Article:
|Age group in years||Distribution frequency (n = 752)||Percentage|
Mean age: 23.86
|Group (BMI)||Distribution frequency||Percentage|
Mean BMI: 23.05
|Group (BMI)||Distribution frequency||GDM (%)|
|Underweight (<18.5)||50||9 (18)|
|Normal (18.5–24.9)||555||69 (12.4)|
|Overweight (25.0–29.9)||93||21 (22.6)|
|Obese (%3E;30)||54||12 (22.2)|
Chi-square = 9.6, df = 3, p = 0.028
|GDM||DIPSI (%)||IADPSG (%)|
|Present+||111 (14.8)||102 (13.6)|
|Absent−||641 (85.2)||650 (86.4)|
|Total||752 (100)||752 (100)|
|% within IADPSG||20.6||95.4||85.2|
|% within IADPSG||79.4||4.6||14.8|
|% within IADPSG||100.0||100.0||100.0|
|Positive predictive value||72.97%||59.0–83.5|
|Negative predictive value||96.73%||93.8–98.2|
When results were plotted in a receiver operating characteristic curve, area under curve is 0.963 [95% confidence interval (CI), 0.963–0.985], which is highly significant (p value < 0.001) (Fig. 1).
Dichomatizing the results as “negative” or “positive” using different cutoff points applying the WinPepi analysis, Youden’s index found to be highest at a cutoff point of DIPSI at 136, where sensitivity will come to 94.1% and specificity to 91.7%.
Universal screening of all pregnant women for GDM in India is a well-accepted strategy. However, controversy arises on choosing the method of screening. International Association of the Diabetes and Pregnancy Study Group has a widespread acceptance including WHO.6
We conducted this study to diagnose GDM both by DIPSI and IADPSG criteria and did a comparative analysis of DIPSI results with that of IADPSG. We found DIPSI as a diagnostic tool to detect GDM has a sensitivity of 71.4% and specificity of 95.4% when compared with IADPSG criteria. Our positive predictive value is 73% and negative predictive value 97% and diagnostic accuracy 93%. A similar study conducted on 936 pregnant women by Tripathi et al.9 had sensitivity value of 74.1% and specificity value of 96.9% though they did not recommend DIPSI, as it missed a few and overdiagnosed a few GDM when compared with both WHO and IADPSG criteria. It is pertinent to mention here that, in their study, only 35 cases were picked up as GDM by all three criteria from 64, 63, and 73 cases of GDM diagnosed individually by IADPSG, WHO, and DIPSI criteria, respectively. When IADPSG and WHO values were compared, only 38 cases were GDM by both IADPSG and WHO criteria from 64 and 63 cases, respectively. Needless to mention here that every criteria bound to have some false-positive and -negative results. In another study done by Mohan et al.,10 DIPSI has a poor sensitivity compared with both the WHO 1999 criteria (27.7%) and the IADPSG criteria (22.6%). It was found to miss 72.3% of women with GDM diagnosed by the WHO 1999 criteria and 77.4% of women with GDM diagnosed by the IADPSG criteria. Vij et al.11 in a similar study like us compared DIPSI with IADPSG and did not find DIPSI a satisfactory method though they diagnosed 74.34% of cases by DIPSI. Moreover, their sample size was small.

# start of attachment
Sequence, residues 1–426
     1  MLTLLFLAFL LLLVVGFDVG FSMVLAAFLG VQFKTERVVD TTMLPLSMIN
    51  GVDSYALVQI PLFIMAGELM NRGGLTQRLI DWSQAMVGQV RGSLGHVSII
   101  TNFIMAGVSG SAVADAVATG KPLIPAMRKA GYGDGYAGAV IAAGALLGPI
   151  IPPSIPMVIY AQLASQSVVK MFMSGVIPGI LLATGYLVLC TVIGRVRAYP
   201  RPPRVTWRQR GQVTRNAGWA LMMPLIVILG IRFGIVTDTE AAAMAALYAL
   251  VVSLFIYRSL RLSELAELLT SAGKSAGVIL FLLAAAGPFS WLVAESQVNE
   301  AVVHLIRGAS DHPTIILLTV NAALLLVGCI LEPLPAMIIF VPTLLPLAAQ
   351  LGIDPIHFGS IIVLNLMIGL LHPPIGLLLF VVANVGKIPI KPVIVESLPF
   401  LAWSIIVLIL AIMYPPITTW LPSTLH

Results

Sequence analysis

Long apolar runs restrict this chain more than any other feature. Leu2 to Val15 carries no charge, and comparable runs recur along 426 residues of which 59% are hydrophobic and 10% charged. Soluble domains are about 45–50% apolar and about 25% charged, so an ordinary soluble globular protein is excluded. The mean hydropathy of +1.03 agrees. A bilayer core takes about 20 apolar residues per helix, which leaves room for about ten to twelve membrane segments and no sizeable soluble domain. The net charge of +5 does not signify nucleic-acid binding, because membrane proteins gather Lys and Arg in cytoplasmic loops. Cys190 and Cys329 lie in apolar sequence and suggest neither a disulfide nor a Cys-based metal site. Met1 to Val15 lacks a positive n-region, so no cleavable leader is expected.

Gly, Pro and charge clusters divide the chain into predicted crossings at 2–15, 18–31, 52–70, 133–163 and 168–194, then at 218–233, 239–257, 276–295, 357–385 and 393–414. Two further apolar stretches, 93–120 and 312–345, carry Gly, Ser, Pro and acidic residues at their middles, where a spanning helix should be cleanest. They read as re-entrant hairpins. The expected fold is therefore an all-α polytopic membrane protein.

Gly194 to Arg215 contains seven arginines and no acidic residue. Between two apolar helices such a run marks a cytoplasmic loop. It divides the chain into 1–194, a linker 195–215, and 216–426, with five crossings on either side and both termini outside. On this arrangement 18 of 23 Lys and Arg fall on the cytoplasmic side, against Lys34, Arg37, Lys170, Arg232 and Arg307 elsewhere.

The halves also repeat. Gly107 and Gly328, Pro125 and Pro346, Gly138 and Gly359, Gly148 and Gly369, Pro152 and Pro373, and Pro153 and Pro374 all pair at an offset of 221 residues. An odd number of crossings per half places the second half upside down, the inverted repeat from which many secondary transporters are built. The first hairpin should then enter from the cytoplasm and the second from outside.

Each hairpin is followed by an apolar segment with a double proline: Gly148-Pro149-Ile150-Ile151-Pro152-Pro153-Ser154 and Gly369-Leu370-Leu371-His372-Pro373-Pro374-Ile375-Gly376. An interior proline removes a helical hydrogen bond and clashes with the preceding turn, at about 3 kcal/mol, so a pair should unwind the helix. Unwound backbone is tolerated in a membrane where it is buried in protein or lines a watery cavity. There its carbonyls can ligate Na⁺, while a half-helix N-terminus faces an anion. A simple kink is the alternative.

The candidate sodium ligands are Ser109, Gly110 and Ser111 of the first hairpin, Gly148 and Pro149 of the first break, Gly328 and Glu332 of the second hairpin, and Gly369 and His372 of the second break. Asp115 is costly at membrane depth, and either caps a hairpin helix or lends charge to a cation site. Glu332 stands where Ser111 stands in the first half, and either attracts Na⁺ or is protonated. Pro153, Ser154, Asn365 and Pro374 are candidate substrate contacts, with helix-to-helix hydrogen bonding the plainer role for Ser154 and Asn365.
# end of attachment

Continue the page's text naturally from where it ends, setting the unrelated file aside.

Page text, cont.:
However, many other studies8,12,13 found DIPSI as useful criteria to detect GDM especially in a country like India. Nallaperumal et al.8 argued in their study that in IADPSG criteria, the low value of fasting may overdiagnose and high value of 2 hours may miss a few cases of GDM especially in Indian scenario. They have found 2-hour OGTT value is more sensitive than fasting blood sugar (FBS) value in nonpregnant Indian women in one of their studies. Polur et al.12 found, in Indian context, DIPSI is a useful method when compared with WHO criteria. They could pick up 98% of GDM. Magon et al.13 had also recommended the DIPSI test for universal use in India. Sharma et al.14 in 2019 found similar finding like us in their study conducted in North India.
On further analysis of our data revealed that sensitivity and specificity are highest when cutoff point of DIPSI is taken at 136, which will improve the accuracy of DIPSI as a criterion to diagnose GDM.
In conclusion, DIPSI method of screening antenatal women for GDM is found to be simple, easy to perform, convenient, and well accepted by the patient. When results were compared with gold standard IADPSG, DIPSI shows high specificity and acceptable sensitivity. Further analysis of our data revealed that by bringing down the cutoff value of DIPSI to 136 will further improve the accuracy of DIPSI as a method of diagnosis of GDM in our pregnant women. A large multicentric study is necessary to substantiate our observation.